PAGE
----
The human race commonly fears what it doesn’t understand. In a time of war, this fear is even greater if one side understands a weapon or technology that the other side does not. There is a constant war which plagues cybersecurity; perhaps not only in cybersecurity, but in the world all around us is a battle between good and evil. In cyber security if the “evil” side understands or pays more attention to a technology than the “good” side, we see a spike in cyber-attacks.
This course of events demands that both offensively and defensively minded “good guys” band together to remove the unknown from as much technology as possible. One of the most common unknown pieces of technology in cybersecurity that professionals see on a regular basis are proprietary protocols running across their networks. By using both the tactics and perspectives from red and blue teams it is possible to conquer and understand these previously unknown packets. This strategy is exactly what we, Douglas McKee and Ismael Valenzuela, hoped to communicate in our webinar ‘Thinking Red, Acting Blue: Hacking Proprietary Protocols”.
Proprietary protocols are typically a mystery to many practitioners. Vendors across many industries develop them for very specific purposes and technologies. We see them in everything from the Internet of Things (IOT), to Industrial Controls Systems (ICS), to medical devices and more. Since by its nature “proprietary” technology is not shared, there is generally no public Request for Comments (RFC) or public disclosure on how they work. This provides an opportunity for attackers and a challenge for defenders. Attackers are aware these networking protocols are less reviewed and therefore more susceptible to vulnerabilities, while defenders have a hard time understanding what valid or benign traffic looks like. Unfortunately, attackers are generally more financially motivated to spend the time reversing these protocols than defenders, since the rewards can be very substantial.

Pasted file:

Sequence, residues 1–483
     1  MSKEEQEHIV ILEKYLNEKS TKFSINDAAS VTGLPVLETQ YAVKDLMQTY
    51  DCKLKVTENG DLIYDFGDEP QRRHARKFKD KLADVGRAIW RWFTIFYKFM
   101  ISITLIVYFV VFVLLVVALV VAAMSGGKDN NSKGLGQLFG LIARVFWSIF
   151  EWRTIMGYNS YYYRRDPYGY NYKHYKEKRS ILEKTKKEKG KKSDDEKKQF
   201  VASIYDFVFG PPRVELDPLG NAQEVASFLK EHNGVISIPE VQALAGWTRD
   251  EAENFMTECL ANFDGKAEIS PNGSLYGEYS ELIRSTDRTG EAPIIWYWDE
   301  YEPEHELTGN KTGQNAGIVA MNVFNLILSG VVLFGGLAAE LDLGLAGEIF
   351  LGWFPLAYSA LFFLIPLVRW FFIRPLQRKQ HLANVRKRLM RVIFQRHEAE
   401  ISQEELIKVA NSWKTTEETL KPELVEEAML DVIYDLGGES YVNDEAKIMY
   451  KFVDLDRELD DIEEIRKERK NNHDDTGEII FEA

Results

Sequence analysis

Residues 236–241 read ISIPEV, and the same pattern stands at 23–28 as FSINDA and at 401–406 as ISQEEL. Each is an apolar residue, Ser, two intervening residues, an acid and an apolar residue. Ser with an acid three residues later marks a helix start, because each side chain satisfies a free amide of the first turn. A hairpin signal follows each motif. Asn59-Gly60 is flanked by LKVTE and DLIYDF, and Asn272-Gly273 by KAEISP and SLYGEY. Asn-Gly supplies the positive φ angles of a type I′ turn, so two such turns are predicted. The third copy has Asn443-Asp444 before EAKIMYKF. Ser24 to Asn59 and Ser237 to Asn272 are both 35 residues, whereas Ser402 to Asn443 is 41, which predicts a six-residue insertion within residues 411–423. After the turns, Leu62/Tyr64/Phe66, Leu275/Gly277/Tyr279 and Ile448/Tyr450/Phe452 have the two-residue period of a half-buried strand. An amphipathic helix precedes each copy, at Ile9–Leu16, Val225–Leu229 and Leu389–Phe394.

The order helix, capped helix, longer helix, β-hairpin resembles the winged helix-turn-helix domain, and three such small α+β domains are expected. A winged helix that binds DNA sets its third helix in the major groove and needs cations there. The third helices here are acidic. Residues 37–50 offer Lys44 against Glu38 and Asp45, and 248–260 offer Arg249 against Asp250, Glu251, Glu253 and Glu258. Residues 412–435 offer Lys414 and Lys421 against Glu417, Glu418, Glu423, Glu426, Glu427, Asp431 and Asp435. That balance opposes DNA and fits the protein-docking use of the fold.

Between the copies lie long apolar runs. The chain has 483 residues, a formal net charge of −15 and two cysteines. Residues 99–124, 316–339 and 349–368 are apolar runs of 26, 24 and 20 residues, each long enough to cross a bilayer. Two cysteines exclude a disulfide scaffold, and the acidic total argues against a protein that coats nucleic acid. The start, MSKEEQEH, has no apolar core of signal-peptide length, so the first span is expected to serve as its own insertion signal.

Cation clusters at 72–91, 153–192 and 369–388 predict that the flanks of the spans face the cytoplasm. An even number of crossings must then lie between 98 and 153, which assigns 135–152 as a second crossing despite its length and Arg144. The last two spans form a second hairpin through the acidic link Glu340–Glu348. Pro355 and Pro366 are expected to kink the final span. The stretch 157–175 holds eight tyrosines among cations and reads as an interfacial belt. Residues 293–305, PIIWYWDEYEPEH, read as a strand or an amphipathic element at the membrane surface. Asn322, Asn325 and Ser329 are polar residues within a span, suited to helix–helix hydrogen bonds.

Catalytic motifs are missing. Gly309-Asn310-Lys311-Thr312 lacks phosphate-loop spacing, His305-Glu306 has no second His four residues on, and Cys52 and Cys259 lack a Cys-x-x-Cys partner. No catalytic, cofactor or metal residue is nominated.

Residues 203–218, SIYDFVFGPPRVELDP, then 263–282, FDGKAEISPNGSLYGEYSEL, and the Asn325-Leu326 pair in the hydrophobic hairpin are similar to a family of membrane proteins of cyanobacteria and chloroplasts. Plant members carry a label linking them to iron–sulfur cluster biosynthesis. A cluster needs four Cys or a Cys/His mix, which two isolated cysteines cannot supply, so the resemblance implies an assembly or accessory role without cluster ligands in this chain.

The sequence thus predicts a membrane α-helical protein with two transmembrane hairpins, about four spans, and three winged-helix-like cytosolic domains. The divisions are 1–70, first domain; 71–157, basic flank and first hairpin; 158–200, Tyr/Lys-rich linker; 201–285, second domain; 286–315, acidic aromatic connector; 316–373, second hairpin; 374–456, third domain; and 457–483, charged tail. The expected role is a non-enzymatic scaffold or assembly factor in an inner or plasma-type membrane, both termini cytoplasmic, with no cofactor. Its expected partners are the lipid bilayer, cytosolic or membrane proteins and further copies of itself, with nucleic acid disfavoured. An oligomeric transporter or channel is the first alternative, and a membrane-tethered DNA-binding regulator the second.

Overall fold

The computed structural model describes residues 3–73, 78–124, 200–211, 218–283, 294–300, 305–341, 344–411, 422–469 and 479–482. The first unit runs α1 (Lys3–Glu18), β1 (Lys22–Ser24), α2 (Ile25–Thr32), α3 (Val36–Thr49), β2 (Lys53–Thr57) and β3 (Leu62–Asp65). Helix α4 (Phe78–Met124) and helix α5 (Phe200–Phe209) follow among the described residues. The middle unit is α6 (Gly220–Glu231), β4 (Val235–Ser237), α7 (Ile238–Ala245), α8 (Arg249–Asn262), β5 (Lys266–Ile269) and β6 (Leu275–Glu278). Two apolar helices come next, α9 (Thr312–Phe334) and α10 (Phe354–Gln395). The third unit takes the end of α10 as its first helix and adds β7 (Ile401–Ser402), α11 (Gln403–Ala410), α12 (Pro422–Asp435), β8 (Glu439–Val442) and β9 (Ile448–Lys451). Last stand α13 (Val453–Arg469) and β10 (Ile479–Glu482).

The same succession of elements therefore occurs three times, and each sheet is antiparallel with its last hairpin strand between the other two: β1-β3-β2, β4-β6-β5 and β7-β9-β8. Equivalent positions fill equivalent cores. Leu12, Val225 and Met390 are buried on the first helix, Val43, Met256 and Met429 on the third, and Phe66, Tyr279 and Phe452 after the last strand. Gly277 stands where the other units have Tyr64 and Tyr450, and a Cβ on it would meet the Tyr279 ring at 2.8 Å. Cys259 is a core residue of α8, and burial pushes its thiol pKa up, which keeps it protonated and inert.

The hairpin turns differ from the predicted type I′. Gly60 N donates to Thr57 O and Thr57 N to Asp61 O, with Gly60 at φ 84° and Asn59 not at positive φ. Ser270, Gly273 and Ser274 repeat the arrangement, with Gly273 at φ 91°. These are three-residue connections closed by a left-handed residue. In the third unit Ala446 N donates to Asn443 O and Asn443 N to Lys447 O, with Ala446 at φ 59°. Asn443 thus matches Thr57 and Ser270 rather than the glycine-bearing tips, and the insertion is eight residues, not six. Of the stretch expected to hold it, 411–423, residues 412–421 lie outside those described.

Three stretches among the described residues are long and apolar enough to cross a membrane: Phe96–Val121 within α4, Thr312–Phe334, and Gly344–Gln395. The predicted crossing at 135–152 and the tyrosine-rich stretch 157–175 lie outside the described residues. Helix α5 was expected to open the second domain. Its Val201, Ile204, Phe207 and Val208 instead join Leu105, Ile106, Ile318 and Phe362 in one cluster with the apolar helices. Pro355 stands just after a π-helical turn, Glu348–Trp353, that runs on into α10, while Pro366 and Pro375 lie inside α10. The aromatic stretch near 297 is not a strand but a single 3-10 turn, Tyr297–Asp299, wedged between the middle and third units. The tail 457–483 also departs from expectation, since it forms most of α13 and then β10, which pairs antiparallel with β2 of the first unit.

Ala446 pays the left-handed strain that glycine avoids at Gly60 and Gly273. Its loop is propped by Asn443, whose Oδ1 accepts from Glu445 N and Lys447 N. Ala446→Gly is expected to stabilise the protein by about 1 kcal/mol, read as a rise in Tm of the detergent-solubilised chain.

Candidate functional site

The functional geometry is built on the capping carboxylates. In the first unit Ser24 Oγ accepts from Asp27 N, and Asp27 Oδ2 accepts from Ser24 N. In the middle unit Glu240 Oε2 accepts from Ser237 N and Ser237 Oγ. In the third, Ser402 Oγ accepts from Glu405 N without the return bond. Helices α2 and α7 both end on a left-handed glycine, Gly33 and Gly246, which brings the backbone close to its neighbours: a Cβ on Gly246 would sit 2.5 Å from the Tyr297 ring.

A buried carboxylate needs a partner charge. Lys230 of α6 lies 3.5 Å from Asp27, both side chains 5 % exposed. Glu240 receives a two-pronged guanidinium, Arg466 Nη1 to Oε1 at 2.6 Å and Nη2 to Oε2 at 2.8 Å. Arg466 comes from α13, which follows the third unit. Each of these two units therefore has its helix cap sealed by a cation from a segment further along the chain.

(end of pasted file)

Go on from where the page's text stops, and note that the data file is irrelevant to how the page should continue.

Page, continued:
During the webinar we discussed a two-prong approach to tackling these unknown protocols with the goal of a deeper understanding of this data. A red team’s purpose may be to look for vulnerabilities, while a blue team may be more interested in detecting or flagging unusual behavior in this traffic. We discuss how this can be accomplished through visual inspection using Wireshark to compare the traffic across multiple conversations, and we complemented this analysis with python libraries like pandas, numpy and matplotlib, for data exploration and visualization.
For example, consider the packets in the Wireshark captures side-by-side in Figure 1. An astute reader may notice that the UDP packets are evenly spaced between each other within the same PCAP, yet differently spaced between pcaps.
In protocol analysis this can indicate the use of a status or “heartbeat” packet, which may contain some type of data where the interval it is sent is negotiated for each conversation. We have seen this as a common trait in proprietary protocols. This can be difficult for a cybersecurity professional to discern with a small amount of data, but could be very helpful for further analysis. If we import the same data into pandas dataframes and we add matplotlib visualizations to our analysis, the behavior becomes much clearer as seen in Figure 2.
By using the reverse engineering perspective of a vulnerability researcher combined with the data analysis insight of a defender, we can strengthen and more quickly understand the unknown. If this type of deep technical analysis of proprietary protocols interests you, we encourage you to check out the recording of our presentation below. We have made all of our resources public on this topic, including pcaps and python code in a Jupyter Notebook, which can be found on Github and Binder. It is important as an industry that we don’t give into fear of the unknown or just ignore these odd looking packets on our network, but instead lean in to understand the security challenges proprietary protocols can present and how to protect against them.
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Categories: Security Operations